Wednesday, February 6, 2013

Who can be Southern?

Wade posted this article [] a while ago and I thought I’d comment on it a bit.

The article states:

“Southerners were parochial, had Southern accents, drank sweet tea for breakfast, got married 15 minutes after college graduation and named their kids Hunter and Caitlin. (She didn't mean rednecks, but the kind of educated types she was in a sorority with.)”

And while many Southerners do all of the things mentioned they also say that you have to hate Democrats, be Ultra-Christian, Conservative, hunt and own guns to be Southern. I just don’t buy it. I define myself as Southern, and not just “ethnically Southern” as the article states.

I don’t think you need another Southerner to define you as Southern like some nation looking for legitimacy. I believe if you believe you are a Southerner then you are one. I think that Southerners have an inherent D.I.Y. attitude that a lot of the geek culture has. It may mean something different, but it is there. Making their own wine. Raising their own food or trying to buy local all seem to be Southern qualities. Being nice and pleasant to be around and making others feel comfortable are also Southern qualities.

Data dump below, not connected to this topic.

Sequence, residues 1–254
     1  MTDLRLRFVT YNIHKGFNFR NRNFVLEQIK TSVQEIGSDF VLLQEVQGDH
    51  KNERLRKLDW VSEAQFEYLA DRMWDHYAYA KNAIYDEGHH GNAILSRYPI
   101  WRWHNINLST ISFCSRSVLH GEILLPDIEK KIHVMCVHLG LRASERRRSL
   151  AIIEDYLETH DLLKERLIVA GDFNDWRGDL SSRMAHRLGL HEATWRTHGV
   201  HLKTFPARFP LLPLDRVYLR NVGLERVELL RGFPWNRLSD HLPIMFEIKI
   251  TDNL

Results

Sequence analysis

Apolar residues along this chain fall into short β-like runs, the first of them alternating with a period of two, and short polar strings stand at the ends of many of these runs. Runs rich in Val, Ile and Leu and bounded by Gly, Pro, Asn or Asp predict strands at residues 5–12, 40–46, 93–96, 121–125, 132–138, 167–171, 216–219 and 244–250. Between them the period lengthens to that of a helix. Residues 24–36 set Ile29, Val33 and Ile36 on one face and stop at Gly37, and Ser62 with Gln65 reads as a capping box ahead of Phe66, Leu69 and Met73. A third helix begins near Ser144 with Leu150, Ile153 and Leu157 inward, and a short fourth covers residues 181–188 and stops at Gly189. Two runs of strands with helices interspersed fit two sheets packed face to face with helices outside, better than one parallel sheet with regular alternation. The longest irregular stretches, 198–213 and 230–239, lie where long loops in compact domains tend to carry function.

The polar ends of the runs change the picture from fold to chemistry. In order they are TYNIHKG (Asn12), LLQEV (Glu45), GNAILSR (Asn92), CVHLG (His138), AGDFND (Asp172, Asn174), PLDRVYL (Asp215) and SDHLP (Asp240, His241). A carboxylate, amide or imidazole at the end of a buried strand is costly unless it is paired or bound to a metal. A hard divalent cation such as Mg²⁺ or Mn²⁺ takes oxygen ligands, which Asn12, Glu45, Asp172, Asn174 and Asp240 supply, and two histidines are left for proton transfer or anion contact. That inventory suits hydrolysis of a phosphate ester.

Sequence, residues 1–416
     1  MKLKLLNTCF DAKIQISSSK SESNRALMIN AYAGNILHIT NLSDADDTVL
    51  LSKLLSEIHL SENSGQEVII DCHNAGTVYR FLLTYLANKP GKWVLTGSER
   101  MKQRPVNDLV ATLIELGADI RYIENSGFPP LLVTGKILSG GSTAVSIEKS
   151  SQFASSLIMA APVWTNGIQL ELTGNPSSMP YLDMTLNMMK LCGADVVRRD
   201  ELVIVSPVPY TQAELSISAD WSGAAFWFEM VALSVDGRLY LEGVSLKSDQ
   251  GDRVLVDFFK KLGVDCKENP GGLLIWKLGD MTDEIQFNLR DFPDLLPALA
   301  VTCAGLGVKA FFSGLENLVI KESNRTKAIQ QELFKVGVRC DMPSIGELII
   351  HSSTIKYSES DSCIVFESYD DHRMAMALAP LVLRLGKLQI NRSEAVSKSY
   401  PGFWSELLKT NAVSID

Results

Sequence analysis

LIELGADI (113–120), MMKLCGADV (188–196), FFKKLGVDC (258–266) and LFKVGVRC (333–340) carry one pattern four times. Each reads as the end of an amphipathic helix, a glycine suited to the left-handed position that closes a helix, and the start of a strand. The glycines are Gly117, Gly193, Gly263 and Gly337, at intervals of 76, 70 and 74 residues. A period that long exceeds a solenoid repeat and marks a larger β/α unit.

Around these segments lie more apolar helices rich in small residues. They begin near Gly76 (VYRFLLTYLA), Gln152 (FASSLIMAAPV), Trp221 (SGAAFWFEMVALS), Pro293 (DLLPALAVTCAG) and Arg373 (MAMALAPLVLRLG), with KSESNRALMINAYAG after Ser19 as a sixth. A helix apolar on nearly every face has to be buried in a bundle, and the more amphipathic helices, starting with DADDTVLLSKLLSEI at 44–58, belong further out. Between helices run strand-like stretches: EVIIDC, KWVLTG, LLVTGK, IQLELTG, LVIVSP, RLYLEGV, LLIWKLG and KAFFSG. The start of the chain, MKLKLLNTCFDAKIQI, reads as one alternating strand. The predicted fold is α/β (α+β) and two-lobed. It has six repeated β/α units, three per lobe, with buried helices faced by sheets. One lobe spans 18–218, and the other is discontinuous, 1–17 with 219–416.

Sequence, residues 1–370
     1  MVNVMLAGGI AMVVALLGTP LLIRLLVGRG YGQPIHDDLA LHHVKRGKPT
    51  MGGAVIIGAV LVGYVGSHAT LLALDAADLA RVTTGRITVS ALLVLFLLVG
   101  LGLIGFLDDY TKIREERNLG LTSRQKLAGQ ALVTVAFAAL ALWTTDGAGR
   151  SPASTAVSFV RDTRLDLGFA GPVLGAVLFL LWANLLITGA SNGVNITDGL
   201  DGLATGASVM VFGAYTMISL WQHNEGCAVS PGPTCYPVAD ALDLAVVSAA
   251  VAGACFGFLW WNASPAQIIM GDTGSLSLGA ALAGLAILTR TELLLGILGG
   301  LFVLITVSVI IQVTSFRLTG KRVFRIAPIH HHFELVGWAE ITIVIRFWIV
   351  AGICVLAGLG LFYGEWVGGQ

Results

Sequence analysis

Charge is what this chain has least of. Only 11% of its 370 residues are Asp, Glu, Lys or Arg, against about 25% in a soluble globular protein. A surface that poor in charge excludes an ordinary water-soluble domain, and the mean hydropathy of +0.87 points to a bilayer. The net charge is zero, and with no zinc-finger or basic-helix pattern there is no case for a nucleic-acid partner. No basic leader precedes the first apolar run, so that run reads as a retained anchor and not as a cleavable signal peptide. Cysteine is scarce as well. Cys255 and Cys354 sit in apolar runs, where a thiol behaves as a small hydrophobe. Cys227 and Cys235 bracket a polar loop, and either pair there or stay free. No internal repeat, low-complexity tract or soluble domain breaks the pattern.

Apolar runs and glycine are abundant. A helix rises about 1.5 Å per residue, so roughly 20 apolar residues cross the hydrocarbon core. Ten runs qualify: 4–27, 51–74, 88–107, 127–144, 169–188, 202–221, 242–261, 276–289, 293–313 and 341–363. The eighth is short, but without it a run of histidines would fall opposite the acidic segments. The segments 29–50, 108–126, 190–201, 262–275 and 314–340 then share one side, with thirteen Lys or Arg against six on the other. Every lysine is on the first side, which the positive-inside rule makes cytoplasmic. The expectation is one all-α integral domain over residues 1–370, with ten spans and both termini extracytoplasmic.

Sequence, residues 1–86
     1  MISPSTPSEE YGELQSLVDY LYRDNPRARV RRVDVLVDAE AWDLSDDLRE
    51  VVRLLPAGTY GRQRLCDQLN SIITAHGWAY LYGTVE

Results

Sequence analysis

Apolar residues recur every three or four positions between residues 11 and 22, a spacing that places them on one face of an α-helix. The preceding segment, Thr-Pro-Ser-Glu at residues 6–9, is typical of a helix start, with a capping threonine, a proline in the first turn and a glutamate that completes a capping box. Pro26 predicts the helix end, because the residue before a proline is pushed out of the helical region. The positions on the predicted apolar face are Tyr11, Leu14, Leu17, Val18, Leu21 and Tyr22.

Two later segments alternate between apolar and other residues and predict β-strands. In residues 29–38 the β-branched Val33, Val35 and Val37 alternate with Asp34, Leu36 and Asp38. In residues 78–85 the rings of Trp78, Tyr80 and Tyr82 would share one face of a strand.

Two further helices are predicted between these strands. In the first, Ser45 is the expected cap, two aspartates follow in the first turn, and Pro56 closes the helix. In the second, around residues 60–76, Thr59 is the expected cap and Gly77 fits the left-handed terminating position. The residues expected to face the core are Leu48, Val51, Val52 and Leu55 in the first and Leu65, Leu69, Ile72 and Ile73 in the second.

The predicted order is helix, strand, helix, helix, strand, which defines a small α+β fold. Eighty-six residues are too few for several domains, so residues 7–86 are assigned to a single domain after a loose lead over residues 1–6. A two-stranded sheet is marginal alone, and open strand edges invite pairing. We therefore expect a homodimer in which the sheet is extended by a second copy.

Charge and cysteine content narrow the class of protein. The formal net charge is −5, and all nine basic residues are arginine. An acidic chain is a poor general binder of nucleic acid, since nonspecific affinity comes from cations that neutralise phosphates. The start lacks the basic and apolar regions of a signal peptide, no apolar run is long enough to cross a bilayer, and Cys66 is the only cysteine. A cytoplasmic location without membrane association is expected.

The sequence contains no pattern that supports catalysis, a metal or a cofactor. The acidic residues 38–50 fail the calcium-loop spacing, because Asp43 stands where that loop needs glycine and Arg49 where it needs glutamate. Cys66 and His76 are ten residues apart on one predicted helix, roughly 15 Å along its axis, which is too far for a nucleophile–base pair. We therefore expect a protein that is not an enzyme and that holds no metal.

I’m in no place to argue one’s Southerness or to bestow the title on someone. If that were the case I’d revoke many a Southern I.D. card from those in what I consider uppity neighborhoods since many have bland city accents, are rude and not pleasant to be around, and have people that cut their yards or agree to be in a neighborhood that tells you whether or not you can park your cousin’s pontoon boat beside your house while his roof is repaired from the storm damage.

As many of you know, I’m not as Southern as I seem to be. I’ve never gone hunting. I prefer A/C to outdoors activities. I go swimming more often in a pool than the lake or ocean. I’ve never raised a successful garden. I don’t work well with my hands nor can I fix many things.

But do any of those things cheapen my Southernhood? I don’t think so. I could acquire new skills and learn to love the outdoors more but that doesn’t make me more Southern, does it? I think Southernhood is a state of mind. If you get to the South or grow up here and you want more than anything to get out then you aren’t a Southerner. You may be labeled that in New York but you and I both know you don’t feel like one and so you aren’t. We still love you but if you don’t want to be here we don’t want you here either.

Special thanks to Wade Kwon for this post. Without him tweeting the article I wouldn’t have made this post.

Your thoughts are always welcome in the comments.

Bookmark and Share